Every year, I have a new theme for our CCD program that runs over into decorations, paperwork, Scripture verses, songs, crafts, books, and patron Saints. (You can see our "Armor of God" theme here and our "My Soul Magnifies the Lord" theme here.)
This year, our theme is "Built on the Rock!" from Matthew 16:18- "You are Peter, and on this rock I will build my Church." We will spend the year learning more about the beauty and importance of the gift of our Church. St. Peter will be our patron Saint, and we will also incorporate activities about other popes.
Here is our main bulletin board.
The bulletin board is above a small resource shelf, currently featuring books about St. Peter (and some decorative ROCKS, of course.)
St. Peter's Story, by Marion Thomas.
Follow Me: Peter Lays Down His Net, by Erik Rottmann.
Diocese's Vocations office.
here for a great price.)
Click here for the multi page printable for the "Built on the Rock!" bulletin board header.
Coming up, I'll have posts with our St. Peter hallway decorations, ideas for bulletin boards, and more printables for the built on the rock theme. Come back!
Monday, September 1, 2014
Wednesday, August 27, 2014
1. Encourage parents to pray with and for their children
- give examples of how to set up prayer spaces at home classroom example here
- share resources on praying the Rosary (or other prayers) as a family send home booklets like this, or participate in this, or do a project like this, or resources like this.
- use traveling shrines- ex. Our Lady of Fatima, patron Saint of your parish, etc. Immaculate Conception Shrine example and St. Maximilian Kolbe Shrine example
2. Improve communication with parents
- try combinations of newsletters, notes, websites, and social media newsletter ideas here, website example here
- personal contact is always going to have the biggest impact!
3. Get resources in their hands
- offer parish book programs or find space for a parish library- movies, videos, etc.
- give activities for Liturgical seasons to each family
- send home traveling activity bags like this
- share great websites like this and this and this
- give info about what kids are learning at a specific time in a specific class
4. Involve parents especially in Sacramental prep
- go beyond the meetings and use the opportunities that you have to evangelize
- invite to retreats & classes- make the parents participants as well as the kids
- send home books, videos, etc. about the Sacrament like this or this
- target Sacrament families and specifically invite to parish programs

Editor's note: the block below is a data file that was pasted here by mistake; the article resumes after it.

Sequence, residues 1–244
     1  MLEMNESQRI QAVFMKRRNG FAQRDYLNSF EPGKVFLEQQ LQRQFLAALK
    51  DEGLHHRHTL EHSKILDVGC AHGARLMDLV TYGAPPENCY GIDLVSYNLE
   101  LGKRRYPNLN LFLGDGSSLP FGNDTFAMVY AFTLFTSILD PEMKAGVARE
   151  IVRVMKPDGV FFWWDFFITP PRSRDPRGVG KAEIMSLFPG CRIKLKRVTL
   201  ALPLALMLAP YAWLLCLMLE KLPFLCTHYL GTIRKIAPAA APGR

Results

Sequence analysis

5. Challenge parents to grow in their faith
- advertise parish and regional programs, as well as local religious communities that minister to families
- offer a parent Bible Study or book group, especially during kids’ class time
- offer same/similar program/content to both kids and parents
- ask parents to come last 15 minutes of class and pray for their kids
- if not available, ask parents to stop and pray for their kids at a certain time of day
- invite parents to participate in the Sacraments- Masses, Confession times, etc.
6. Encourage fellowship
- host potlucks or parties just for the religious ed families
- introduce parents, especially those new in the program
- invite established parents to invest in parents new to the program
7. Let the kids be the teachers
- offer programs where the students sing, recite, act, etc. like this awesome program
- invite parents to participate in a special religious ed class to see what their kids have been learning
8. Help them be hands on
- when appropriate, invite the parents to volunteer somewhere in the program
- host family activity nights, such as making Advent Wreaths together this one was great for family togetherness
- offer opportunities for family service projects or give them some ideas like this
9. Celebrate Liturgical Seasons
- invite to parish services for Lent, Advent, etc.
- send home family friendly resources to help the parents and kids learn about and enter into season. Give the families ideas for living out the seasons and feast days like these for Advent, Christmas, Lent, Easter, All Souls/Saints Days, patron Saint days...
- host special programs teaching about the Liturgical Season geared towards families like this or this or this
10. Center on the Eucharist
- encourage family attendance at weekly Mass and raise awareness of daily Mass
- involve the kids in special children’s Masses & advertise to the families
- don’t change the liturgy, invite the children to participate in it more fully
- offer Adoration times with parents during class time or a Holy Hour that is welcoming to children maybe offer a resource like this
Click here for the printable handout of the 10 Ways:
Click here for the powerpoint presentation: (fonts and layout will undoubtedly be messed up, fyi)
Click here for a pdf of the powerpoint presentation:
|The Way of Light Story Bag|
No matter what you choose to send home, here are a few basic tips:
1. Communicate with the parents that the resource bag will be coming home. Explain at the beginning of the year, send home an email, etc. Create a pattern for returning the items- for example they are given out and returned every Wednesday.
2. Include in the bag a note explaining what is in the bag, suggestions for using it, and a date to return.
3. Make a list of all of the items in the bag so that it can be checked before returning.
4. If necessary, also send a survey for some kind of feedback- what the student learned, what was the favorite item, overall comments or questions, etc. so that you know that it was used.